I recently read Corey Mitchell’s excellent article in EdWeek entitled, Mispronouncing Students’ Names: A Slight That Can Cut Deep. The article addressed one of the most basic aspects of our identity – our names. I certainly remember struggling with students’ names as a high school teacher and I am embarrassed to consider names that I might have pronounced incorrectly. All students deserve to have their names pronounced correctly and learning about each other’s names can help build an inclusive class community and initiate discussions about cultural, linguistic, and familial differences. I taught at a high school with a lot of students with Vietnamese roots and I regret not learning more Vietnamese in addition to the cultural traditions that were integral to many of their families.
In an effort to make sure we know each other’s names, I created an assignment where students could pronounce their name and share a bit about it. I started by handing students a sheet of paper as our bellringer with the following directions:
Directions: Please answer the following questions and be prepared to answer them in less than 30 seconds for our an audio recording.
- Say/pronounce your name
- Share ethnic/cultural/racial/familial background
- Name meaning or a story about your name, particularly how it has been pronounced in or outside of school
I quickly realized that question 2, in particular, might be too specific or personal. While some students knew a lot about question 2, others were not so sure. So, I told my pre-service teachers that these were just prompts and they could share whatever they were most comfortable sharing.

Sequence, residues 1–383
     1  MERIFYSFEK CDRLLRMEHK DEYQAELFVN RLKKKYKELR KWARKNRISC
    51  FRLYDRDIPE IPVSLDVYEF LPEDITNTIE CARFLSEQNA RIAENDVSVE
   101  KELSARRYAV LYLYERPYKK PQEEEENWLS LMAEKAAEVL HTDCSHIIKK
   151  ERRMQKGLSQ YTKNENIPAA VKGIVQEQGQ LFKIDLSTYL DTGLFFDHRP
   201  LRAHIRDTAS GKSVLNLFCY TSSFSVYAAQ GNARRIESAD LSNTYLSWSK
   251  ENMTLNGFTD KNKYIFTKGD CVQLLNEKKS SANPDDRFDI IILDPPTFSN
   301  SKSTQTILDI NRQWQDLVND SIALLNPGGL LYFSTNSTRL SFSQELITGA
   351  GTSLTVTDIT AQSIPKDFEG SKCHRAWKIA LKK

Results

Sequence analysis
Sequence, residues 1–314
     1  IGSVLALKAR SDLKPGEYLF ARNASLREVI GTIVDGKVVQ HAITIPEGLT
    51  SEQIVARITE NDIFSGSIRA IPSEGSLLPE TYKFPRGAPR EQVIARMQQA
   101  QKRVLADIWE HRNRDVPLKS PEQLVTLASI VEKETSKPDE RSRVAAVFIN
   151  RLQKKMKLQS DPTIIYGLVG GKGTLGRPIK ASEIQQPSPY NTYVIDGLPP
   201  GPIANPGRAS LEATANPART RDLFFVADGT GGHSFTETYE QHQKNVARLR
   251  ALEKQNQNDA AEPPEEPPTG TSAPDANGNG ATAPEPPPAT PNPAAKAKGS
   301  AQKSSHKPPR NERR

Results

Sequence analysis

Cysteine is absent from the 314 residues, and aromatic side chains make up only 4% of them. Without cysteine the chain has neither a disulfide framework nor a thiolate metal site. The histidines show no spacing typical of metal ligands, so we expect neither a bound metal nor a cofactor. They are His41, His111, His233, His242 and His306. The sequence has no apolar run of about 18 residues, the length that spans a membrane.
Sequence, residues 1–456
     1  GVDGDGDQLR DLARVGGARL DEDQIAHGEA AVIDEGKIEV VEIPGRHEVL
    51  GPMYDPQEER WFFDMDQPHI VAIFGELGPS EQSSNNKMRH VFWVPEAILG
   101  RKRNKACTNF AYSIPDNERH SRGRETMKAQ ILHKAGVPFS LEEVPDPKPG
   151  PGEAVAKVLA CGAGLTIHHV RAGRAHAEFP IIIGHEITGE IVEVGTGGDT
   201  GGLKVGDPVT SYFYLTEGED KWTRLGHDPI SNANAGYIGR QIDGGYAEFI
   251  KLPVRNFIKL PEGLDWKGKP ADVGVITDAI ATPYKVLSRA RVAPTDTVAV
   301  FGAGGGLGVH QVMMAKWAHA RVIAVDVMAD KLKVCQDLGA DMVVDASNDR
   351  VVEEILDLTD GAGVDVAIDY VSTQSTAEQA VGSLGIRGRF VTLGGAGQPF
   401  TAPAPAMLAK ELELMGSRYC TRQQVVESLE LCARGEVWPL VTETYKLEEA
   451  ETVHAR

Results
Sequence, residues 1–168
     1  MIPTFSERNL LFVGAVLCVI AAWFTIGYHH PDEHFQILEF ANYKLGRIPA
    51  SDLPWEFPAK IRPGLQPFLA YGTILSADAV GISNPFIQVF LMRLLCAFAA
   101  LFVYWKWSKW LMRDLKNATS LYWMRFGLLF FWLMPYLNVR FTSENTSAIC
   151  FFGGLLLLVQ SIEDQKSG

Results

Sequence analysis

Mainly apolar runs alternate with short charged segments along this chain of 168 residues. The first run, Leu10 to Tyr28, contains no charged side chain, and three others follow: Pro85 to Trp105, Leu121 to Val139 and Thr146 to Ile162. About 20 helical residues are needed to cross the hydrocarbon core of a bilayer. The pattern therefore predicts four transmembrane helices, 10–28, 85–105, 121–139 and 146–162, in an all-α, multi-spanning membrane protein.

While students were working on a different group project, I called up small groups to my mic to record their segment. Some students were nervous so I told them to return when they were ready. Once all students had recorded, I told students to let me know if they did not want their recording included in the podcast that I planned to share as an example, but no one objected during or after class. I then added some background music, mixed it all together using Audacity, and uploaded it to SoundCloud. Here is our Class Names Project:
Update: Here are newer iterations of the project in the next semester:
What do you think? Do you see any problems with this project? Or do you have any ideas of how to improve it? Please leave comments below.
Finally, my pre-service teachers and I discussed whether they could do something similar in their future classrooms and even share it with parents or caregivers. As for our class, I plan to share this post with my students and then listen to the podcast before our classes to make sure I am pronouncing names correctly and remind myself of all the unique students who make up our class community.
Update: My colleague Dr. Mandy Stewart tipped me off to MyNameMyIdentity.org where you can take a pledge to pronounce students’ names correctly.
Update: I came across this lesson from the fantastic organization Facing History and Ourselves called “Becoming American: Exploring Names and Identity” that is worth exploring.